No.5
No.5 ,Economy  Feb 04, 2011

TPP MAY SPARK JAPANESE POLITICAL RESTRUCTURING

In the wake of the collapse of Lehman Brothers in September 2008 and the financial crisis that ensued, the traditional forms of macroeconomic policy lost their effectiveness as tools for managing the US economy. This has compelled the United States to change the direction of its economic policy. The Obama administration, recognizing that its fiscal and monetary policy mix was not expanding effective demand, has launched an effort to create jobs, using exports as the bridgehead. This policy is aimed at doubling exports within five years, based on the idea that the employment situation is unlikely to improve without an export-driven expansion of the economy. Doubling exports within five years will require an average annual increase of 15%. The participation of the United States in the Trans-Pacific Strategic Economic Partnership (TPP) emerged in this context. Originally, the TPP was conceived as a... [Read more]

No.5
No.5 ,Economy  Feb 02, 2011

A CONTRARIAN VIEW OF YOUNG PEOPLE TODAY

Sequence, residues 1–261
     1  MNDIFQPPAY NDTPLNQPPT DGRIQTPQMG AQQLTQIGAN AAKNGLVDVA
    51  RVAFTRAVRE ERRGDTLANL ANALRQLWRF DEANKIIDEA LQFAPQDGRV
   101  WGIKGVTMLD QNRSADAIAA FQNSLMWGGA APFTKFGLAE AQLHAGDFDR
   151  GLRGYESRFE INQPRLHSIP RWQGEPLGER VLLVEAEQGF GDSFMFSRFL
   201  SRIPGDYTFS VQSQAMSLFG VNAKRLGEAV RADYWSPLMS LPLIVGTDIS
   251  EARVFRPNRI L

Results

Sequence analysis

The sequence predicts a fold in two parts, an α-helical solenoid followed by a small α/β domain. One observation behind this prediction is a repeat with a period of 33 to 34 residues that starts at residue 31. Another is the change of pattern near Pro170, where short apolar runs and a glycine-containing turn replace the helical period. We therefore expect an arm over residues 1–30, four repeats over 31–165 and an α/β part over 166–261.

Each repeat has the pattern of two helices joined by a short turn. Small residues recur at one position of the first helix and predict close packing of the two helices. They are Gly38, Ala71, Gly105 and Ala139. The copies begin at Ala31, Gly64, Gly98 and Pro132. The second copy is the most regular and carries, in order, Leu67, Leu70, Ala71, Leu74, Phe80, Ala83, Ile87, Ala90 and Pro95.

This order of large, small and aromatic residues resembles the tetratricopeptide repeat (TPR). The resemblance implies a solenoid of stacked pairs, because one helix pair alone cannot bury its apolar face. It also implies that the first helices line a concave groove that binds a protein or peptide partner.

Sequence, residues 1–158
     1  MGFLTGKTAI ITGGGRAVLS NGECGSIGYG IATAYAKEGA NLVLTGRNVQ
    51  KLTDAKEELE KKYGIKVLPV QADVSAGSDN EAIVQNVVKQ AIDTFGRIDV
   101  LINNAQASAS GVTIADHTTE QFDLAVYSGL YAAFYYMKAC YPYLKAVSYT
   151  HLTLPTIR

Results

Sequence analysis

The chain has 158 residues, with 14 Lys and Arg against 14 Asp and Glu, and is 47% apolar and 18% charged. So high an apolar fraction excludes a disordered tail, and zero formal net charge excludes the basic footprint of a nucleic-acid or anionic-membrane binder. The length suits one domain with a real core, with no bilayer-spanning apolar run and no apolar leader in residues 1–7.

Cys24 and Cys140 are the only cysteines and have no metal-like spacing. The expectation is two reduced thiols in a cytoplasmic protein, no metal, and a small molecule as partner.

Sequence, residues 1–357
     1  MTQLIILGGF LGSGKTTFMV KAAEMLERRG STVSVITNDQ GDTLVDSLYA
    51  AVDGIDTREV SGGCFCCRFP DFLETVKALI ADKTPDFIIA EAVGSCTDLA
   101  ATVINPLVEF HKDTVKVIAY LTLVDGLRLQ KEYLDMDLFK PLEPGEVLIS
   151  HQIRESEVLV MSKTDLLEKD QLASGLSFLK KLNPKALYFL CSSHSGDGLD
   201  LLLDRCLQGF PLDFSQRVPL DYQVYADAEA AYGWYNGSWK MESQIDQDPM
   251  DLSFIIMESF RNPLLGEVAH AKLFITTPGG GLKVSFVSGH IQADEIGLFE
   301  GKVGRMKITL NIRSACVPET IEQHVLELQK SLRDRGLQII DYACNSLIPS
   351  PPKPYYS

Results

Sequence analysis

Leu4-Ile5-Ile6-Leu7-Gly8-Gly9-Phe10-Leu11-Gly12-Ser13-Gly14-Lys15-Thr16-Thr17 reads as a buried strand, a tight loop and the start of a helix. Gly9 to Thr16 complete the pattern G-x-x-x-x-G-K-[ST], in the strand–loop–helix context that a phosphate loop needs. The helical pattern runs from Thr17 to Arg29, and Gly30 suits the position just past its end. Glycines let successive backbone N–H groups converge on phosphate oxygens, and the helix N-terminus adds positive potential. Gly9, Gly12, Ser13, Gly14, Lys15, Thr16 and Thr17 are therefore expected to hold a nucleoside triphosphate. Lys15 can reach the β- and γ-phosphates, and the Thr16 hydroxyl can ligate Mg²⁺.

The employment prospects for graduates entering the job market this year are reportedly the worst on record. This is not because companies are performing especially badly–at least not yet. Results at Japan’s big corporations in particular are not markedly worse than they have been for several years. But recruitment indicators at the big firms are dire. Though small and medium-sized enterprises are much more positive about hiring new employees, new graduates have their sights set on finding a job with a big company–preferably a major blue-chip firm offering maximum security. I am a father myself, with children in college and high school. My work as chief operating officer at the Industrial Revitalization Corporation of Japan also gave me an opportunity to study the structural problems inherent in Japanese corporate culture at close range. The impression I have of young people today based on my ... ... [Read more]

No.5
No.5 ,Economy  Feb 01, 2011

WHY UNIVERSITY GRADUATES SHOULD CONSIDER APPLYING TO SMES

What is to blame for the tough employment situation facing new graduates in recent years? One popular argument that appears plausible at first glance points to the Japanese system of lifetime employment as the root of the problem. Basically, the argument goes as follows. Lifelong employment means that Japanese companies are unable to dismiss full-fledged “regular” company employees, protecting the vested interests of older employees and making it difficult for the poor young things leaving university to find permanent positions. As a result, they are forced to take jobs as irregular hired labor. The remedy normally put forward by proponents of this argument is to make the employment system more flexible. In plain terms, this usually means making it easier to offload the useless old codgers and hiring young people to take their place. Let me start with my conclusion: This argument is nonsense. ... ... [Read more]